The emergence of micronuclei is related to the mitotic phase of chromosome condensation and segregation. To examine the microtubule spindle and chromosomal aligning pattern at the mitotic stage, UL76-expressing cells and control cells were stained with α-tubulin and DAPI (Fig. 2A). During anaphase, condensed chromosomes are segregated to two poles (Fig. 2A(i)). Mitotic cells with lagging chromosomes show a piece of detached DNA (Fig. 2A(ii)), and bridging chromosomes are characterized by broken chromosomal connections between two segregated chromosomes (Fig. 2A(iii), (iv) and 2A(v)). Mitotic cells with misaligned, lagging and bridging chromosomes were counted (Fig. 2B). The percentages and chi-square values of chromosome bridging in mitotic cells compared to control P7 cells (3.2%) were as follows (Fig. 2B): S1 (13.7%; χ2 = 36.63; P < 0.001), S3 (9.5%; χ2 = 26.16; P < 0.001), S4 (10.7%; χ2 = 27.67; P < 0.001), and S5 (5.4%; χ2 = 2.67, P = 0.077). Percentages and chi-square values of chromosomal lagging in mitotic cells compared to control P7 cells (2.8%) were as follows: S1 (7.5%; χ2 = 15.65; P < 0.001), S3 (6.4%; χ2 = 12.57; P = 0.001), S4 (13.9%; χ2 = 67.24; P < 0.001), and S5 (12.5%; χ2 = 42.08; P < 0.001). The presence of chromosome lagging and bridging in UL76-expressing cells compared to control cells was statistically significant. These findings suggest that UL76 is able to attenuate mitotic checkpoint surveillance and allow mitosis to proceed despite notable chromosome defects.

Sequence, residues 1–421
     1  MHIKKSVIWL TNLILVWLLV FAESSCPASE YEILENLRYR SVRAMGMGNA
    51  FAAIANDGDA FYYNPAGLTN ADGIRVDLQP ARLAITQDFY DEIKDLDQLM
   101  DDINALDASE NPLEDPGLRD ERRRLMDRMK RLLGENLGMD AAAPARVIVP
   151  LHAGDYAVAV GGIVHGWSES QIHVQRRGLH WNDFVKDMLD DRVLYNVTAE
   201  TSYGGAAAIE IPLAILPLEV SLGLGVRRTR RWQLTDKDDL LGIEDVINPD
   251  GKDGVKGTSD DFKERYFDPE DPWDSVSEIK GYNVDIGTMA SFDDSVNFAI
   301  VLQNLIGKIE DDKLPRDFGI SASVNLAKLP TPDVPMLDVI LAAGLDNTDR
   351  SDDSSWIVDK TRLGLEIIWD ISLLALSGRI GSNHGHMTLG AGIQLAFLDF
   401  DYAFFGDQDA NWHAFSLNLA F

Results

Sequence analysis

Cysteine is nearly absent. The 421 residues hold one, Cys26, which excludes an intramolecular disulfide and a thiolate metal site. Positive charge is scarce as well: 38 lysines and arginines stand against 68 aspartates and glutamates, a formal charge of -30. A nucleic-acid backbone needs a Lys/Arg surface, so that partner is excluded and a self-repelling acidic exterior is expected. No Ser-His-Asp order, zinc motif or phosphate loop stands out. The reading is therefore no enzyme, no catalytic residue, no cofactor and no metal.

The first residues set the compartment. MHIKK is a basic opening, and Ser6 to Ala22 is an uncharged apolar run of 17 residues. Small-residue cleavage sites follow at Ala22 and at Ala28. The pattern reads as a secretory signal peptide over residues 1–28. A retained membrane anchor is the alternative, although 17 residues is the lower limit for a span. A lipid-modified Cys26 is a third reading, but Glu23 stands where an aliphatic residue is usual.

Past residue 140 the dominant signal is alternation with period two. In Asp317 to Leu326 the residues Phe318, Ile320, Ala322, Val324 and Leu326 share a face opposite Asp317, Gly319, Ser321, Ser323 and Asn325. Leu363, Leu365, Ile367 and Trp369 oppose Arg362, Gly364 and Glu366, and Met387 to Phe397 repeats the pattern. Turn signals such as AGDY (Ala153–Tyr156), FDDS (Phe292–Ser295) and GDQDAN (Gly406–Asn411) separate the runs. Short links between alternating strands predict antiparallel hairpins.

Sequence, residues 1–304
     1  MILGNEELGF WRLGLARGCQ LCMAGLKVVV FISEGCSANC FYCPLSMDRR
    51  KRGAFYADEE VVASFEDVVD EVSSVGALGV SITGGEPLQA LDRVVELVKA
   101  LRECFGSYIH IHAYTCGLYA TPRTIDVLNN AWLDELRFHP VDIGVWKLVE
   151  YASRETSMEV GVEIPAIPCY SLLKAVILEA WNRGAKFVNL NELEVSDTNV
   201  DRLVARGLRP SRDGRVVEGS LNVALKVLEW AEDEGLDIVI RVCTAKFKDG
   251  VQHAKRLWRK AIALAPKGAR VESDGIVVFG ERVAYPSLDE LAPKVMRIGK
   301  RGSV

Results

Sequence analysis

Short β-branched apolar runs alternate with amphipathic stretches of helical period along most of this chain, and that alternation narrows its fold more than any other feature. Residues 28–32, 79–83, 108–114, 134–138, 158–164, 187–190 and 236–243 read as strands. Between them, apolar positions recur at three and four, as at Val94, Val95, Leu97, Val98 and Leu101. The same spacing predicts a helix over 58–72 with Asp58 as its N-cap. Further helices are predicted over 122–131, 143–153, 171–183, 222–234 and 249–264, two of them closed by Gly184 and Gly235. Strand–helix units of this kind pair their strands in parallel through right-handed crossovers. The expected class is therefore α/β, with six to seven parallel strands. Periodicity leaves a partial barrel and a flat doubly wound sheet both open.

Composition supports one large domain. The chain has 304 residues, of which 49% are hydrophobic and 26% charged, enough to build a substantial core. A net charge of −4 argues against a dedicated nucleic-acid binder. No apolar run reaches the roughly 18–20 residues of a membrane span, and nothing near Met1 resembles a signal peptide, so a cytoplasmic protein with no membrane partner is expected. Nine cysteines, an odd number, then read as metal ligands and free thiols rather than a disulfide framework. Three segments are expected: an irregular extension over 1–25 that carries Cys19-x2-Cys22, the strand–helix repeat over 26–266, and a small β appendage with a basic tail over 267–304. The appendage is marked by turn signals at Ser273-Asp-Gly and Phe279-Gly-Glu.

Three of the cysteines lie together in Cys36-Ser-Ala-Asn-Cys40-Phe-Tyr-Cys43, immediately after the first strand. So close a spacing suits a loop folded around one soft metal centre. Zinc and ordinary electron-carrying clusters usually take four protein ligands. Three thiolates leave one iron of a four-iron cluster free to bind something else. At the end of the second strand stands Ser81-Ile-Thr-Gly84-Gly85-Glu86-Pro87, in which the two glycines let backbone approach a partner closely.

Figure 2

        Induction of chromosomal misalignments in the HCMV UL76-expressing glioblastoma cells (U-373 MG). (A) Representative images of chromosomal misalignments induced in cells stably expressing HCMV UL76; chromosomal laggings (ii and iii), and mitotic bridges (iii to v) in glioblastoma cells constitutively expressing HCMV UL76. In parallel control experiments, empty vector-transfected cells were used as normal mitotic cells (i). Chromosomes were stained with DAPI (blue) and mitotic cells were visualized by immunofluorescent staining using a monoclonal antibody to α-tubulin (red). Two side-by-side panels of single-labeled immunofluorescent images and a third panel with an overlapping image are shown. (B) Quantification of chromosomal misalignments in mitotic cells stably expressing HCMV UL76 (S1, S3, S4, and S5) or control cells (P7). The average data point was calculated from three independent experiments. At least 800 mitotic cells were counted for each cell line.

        UL76-expressing cells moderately enhance aberrations in mitotic spindles and centrosomes